Interestingly, the unchecked growth of the USMLE- and COMLEX-related industry has also encouraged the outburst of many US-based private medical schools that have practically employed the Caribbean model as means of exploiting the American market of medical practice. Isn’t it shameful to see that the graduates of Harvard, University of Michigan, Stanford, and many other outstanding American medical schools have to take the very same qualifying exams that were originally intended to only evaluate the quality of education that non-American medical schools were offering to their students?

Should American medical students and graduates no longer be required to take USMLE and COMLEX examinations?

The Liaison Committee on Medical Education (LCME) is the U.S. Department of Education recognized accrediting body M.D. programs in the United States. It also accredits M.D. programs in Canada, in cooperation with the Committee on Accreditation of Canadian Medical Schools (CACMS).  On the other hand, osteopathic medical schools that grant the Doctor of Osteopathic Medicine (D.O.) degree are accredited by the Commission on Osteopathic College Accreditation of the American Osteopathic Association (COCA). The US Department of Education lists the COCA as the accreditor of the American medical schools. It is understandable that all the American medical schools are accredited by these agencies to perform their primary duties of training medical professionals for optimally performing their duties in the American job market. It is also understandable that these agencies act as watchdogs to ensure compliance with their established blueprints.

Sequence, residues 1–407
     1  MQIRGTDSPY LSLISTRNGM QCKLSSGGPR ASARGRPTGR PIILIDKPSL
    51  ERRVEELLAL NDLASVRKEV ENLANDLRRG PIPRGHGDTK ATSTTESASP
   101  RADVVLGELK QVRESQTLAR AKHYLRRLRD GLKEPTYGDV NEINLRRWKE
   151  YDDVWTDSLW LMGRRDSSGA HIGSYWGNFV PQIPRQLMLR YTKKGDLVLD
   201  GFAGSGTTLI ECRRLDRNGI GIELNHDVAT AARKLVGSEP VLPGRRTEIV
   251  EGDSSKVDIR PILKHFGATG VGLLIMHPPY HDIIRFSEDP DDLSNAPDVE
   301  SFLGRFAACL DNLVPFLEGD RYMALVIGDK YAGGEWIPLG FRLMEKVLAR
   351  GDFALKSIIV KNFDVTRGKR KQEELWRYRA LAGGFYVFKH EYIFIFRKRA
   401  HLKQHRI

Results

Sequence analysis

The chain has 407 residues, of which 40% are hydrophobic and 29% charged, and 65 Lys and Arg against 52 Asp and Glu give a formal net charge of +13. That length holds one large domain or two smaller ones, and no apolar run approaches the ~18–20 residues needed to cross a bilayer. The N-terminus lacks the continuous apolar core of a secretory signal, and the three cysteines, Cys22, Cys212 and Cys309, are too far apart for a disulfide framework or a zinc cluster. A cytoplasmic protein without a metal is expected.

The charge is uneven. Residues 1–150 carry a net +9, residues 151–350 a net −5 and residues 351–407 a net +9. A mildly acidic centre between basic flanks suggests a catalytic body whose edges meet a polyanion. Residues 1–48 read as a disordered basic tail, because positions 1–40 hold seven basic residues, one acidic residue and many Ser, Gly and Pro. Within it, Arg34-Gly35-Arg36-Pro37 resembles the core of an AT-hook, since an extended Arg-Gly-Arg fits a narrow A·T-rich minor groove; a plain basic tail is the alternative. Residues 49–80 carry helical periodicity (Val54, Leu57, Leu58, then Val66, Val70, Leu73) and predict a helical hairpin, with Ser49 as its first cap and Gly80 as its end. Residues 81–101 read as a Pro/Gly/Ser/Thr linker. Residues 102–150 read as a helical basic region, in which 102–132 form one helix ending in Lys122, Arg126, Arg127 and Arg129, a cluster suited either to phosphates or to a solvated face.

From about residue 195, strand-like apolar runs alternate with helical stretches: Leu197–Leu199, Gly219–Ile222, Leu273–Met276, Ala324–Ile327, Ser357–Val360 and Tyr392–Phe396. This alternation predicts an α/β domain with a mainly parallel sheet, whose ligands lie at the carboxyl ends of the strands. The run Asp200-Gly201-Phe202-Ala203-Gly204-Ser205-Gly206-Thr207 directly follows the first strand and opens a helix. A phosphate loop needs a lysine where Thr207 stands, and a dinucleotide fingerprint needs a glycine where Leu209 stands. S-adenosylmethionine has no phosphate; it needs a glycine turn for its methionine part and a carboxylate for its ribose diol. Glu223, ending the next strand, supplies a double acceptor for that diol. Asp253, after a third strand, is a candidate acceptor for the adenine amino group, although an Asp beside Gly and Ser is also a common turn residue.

If so, then, is it necessary to subject American medical students to the add-on cost and agony of preparing for and taking these exams? Would it be enough to make accredited American medical schools accountable for the proficiency of their graduates for practicing medicine in the US? If international medical graduates (IMGs) and the American medical graduates (AMGs) are all required to take the very same qualifying set of examinations what would be the advantage of an American medical student who goes through rigorous MCAT (Medical College Admission Test), and completes their degree in the US over another American medical student who circumvents this path and obtains their degree from an offshore medical school? COMLEX and USMLE examinations have become so interwoven into the fabric of our system for evaluating eligibility of practicing medicine in the US that we no longer question the legitimacy of their existence. It is unfortunate to see that the American Medical Schools that have long prided themselves on providing quality training for their students have progressively become trapped in this grand-scheme and have become covert sanctioning advocates for these examinations.